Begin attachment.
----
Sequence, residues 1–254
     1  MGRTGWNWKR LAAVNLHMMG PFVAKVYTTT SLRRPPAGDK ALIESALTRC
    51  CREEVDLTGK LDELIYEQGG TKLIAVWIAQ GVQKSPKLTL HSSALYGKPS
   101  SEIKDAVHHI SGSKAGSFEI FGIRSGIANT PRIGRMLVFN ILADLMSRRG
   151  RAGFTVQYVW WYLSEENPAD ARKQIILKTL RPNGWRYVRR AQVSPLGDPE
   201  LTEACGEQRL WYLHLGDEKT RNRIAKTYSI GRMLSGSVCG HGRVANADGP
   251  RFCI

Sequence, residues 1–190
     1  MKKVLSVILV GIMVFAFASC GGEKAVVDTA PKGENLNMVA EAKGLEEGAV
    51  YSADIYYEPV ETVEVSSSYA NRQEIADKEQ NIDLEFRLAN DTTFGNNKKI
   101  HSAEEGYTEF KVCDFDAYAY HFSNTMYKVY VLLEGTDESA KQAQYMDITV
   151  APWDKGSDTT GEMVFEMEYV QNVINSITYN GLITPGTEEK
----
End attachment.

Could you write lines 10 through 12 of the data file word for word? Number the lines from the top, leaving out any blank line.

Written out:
    51  YSADIYYEPV ETVEVSSSYA NRQEIADKEQ NIDLEFRLAN DTTFGNNKKI
   101  HSAEEGYTEF KVCDFDAYAY HFSNTMYKVY VLLEGTDESA KQAQYMDITV
   151  APWDKGSDTT GEMVFEMEYV QNVINSITYN GLITPGTEEK